Stone shakes free to float around East

ON THE OUTDOORS

Outdoors

September 10, 2000|By CANDUS THOMSON

When you hear about Nat Stone's adventure, your first reaction might be, "Does this guy have both oars in the water?"

The 31-year-old schoolteacher sold his home in the high desert of New Mexico, unloaded most of his possessions, asked a friend to watch his dogs and narrowed his world to a space the size of a phone booth.

But then you realize that having both oars in the water is exactly how to describe what Stone was doing for 11 months and more than 6,000 miles.

Stone, a lanky free spirit, rowed around the eastern third of the United States, setting off from under the Brooklyn Bridge on April 24 of last year and winding up there again June 29.

For good measure, he kept rowing -- all the way to Eastport, Maine.

"The boat had to get back to New England anyway," he says.

Stone put his feet on terra firma for good in mid-August, and is now sitting in his father's house in Freeport, Maine, putting together a book proposal he hopes will intrigue a publisher somewhere.

"I'm proof that it's still possible to have an adventure in this country," he says, laughing.

He calls his trip "rowing the circle." Stone began in New York's East River, then went up the Harlem River, the Hudson River, through the Erie Canal and hugged the shoreline of Lake Erie. He continued on the Allegheny and the Ohio rivers and then down the Mississippi to the Gulf of Mexico. From the Louisiana bayous, he rowed down the coast to Key West and up the Intercoastal along the Atlantic seaboard.

The route was visualized by Stone as a youngster as he looked at an atlas. The eastern United States, he thought to himself, is a gigantic island.

A dozen years later, Stone stumbled upon the biography of Howard Blackburn, a Gloucester, Mass., fisherman who tried to sail a boat around the circle 100 years ago but failed when his vessel got stuck on a Mississippi sand bar.

Stone, an accomplished sailor who grew up in Marblehead, Mass., one of the self-proclaimed sailing capitals of the world, became infatuated with the idea.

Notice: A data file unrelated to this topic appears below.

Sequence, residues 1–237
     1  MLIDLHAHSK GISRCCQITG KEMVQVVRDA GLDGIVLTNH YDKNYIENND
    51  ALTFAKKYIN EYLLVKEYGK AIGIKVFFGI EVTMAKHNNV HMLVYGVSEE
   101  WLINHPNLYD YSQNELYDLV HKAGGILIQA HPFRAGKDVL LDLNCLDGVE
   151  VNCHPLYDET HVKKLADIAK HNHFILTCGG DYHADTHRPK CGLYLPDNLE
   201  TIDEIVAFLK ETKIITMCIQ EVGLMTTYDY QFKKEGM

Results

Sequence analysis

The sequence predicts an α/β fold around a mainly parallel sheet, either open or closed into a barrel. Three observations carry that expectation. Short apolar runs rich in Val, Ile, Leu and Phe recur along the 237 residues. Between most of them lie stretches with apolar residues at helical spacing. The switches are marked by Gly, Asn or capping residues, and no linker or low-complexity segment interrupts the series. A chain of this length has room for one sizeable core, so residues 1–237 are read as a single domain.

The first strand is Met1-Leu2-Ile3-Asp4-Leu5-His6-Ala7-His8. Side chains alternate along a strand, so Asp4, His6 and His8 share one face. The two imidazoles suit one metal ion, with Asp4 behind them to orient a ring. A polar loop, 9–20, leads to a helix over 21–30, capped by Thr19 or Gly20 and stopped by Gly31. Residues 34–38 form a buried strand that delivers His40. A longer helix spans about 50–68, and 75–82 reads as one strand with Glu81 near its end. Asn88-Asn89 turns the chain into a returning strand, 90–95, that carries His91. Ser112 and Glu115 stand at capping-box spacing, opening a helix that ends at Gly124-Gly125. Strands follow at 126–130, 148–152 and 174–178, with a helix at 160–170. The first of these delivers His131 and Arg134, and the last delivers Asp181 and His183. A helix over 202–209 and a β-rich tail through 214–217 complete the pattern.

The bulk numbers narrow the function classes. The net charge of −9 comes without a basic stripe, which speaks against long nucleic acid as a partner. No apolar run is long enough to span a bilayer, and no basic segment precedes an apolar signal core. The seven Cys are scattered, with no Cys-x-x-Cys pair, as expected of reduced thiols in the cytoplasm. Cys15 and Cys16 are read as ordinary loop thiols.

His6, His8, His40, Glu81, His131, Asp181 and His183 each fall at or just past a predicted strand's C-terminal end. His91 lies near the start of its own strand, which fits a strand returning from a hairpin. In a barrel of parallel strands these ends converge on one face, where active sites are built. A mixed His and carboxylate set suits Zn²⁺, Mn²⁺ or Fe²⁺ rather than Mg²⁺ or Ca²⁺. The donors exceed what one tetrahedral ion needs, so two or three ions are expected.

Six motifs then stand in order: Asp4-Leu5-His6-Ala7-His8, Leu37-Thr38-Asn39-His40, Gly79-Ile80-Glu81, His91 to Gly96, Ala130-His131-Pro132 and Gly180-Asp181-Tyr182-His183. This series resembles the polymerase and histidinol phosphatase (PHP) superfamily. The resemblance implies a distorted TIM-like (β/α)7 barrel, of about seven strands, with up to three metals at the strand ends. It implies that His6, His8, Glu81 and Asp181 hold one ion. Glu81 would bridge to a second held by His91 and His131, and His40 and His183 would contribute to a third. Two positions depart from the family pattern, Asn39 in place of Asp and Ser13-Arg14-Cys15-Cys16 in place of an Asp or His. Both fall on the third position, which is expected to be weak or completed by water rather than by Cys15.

But after graduating from college in 1992, he went off to New Mexico (go figure), where he taught school on the Zuni Reservation and started a 1,000-circulation community newspaper, ShiWi Messenger.

"The idea would just not go away," he said. "When I began thinking about starting a boat-building company, a friend said, `Don't you think it's time to get out of the desert?' "

He sold everything he could, paid his bills and bought a 17-foot scull-style rowboat and loaded it down with food, pots and pans, books and camping equipment.

The first day out, he rowed 25 miles "on sheer adrenalin. My hands opened up, I was whipped." Gradually, his muscles hardened and his hands developed deep calluses. He also realized he couldn't haul everything he had packed.

"Stroke by stroke, day by day, I pared it down," he said of all the stuff he mailed back home to his family.

Stone had a summer of waterfront property, pitching his tent on sandbars and along riverbanks. Some nights, locals invited him to their homes for a hot shower, full dinner and comfortable bed. He stopped at local libraries to update his online journal and e-mail family and friends.

"When I woke up, I would know absolutely nothing of where I would be that night, where I would get drinking water, who I would talk to, what navigational challenges awaited me," he said.

Cooking was not in the cards. "It was pretty dull. Peanut butter and jelly and every variation on that. Sardines. Saltines. Baked beans. Low-budget, sun-proof foods," he says, ticking off the menu.

Most days, he rowed about 40 miles, but with the powerful Mississippi currents, he could almost double that mileage. On Aug. 1 of last year, 100 days into his journey, he reached the Gulf. He pulled his boat out at Port Eads, La.

"I was out of money and I needed a bigger boat," he said. "But mentally, psychologically and physically, I knew I could finish."

He went to Maine and worked in his brother's silk-screening business for five months and saved enough money to buy a seaworthy boat: a $2,200, 17-foot, fiberglass scull to which he could attach a tent.

Setting off again in Louisiana on Jan. 31, Stone worked his way up the coast. He almost met his demise in June while rowing near the Chesapeake and Delaware Canal, when a personal watercraft rider passed close by at a high speed and nearly swamped him.

Stone says he never had a chance to feel isolated and lonely. There was only one day on the trip when he didn't shake hands with someone, and his journal is filled with the names and addresses of more than 500 acquaintances.

During his adventure, he found the waters cleaner than he had expected ("no petroleum rainbows") and people friendly and trusting.

On the downside, he says, were miles of overdeveloped East Coast shoreline and the fact that he could never shake the sounds of civilization.

"It strikes you how culturally dependent we are on engines - cars, jets, motorized boats. It's tough to find natural silence," Stone said.

As he approached the Brooklyn Bridge, Stone says he was struck by how much he had changed.

"I had a very clear image of myself 6,000 miles earlier leaving and going under the bridge," he recalls. "I had learned how to take care of basic needs and deal with just the most important things. I had the feeling of a very different self coming back.

"The last 13 miles of the last leg, I could recount each of the days and who I met. How many of us on a Friday can remember everything that happened on Monday?"

Sounds like Nat Stone has both oars in the water.

NOTE: To see photos of Stone's adventure online, go to: www.hometown.aol.com/rowingthecircle.

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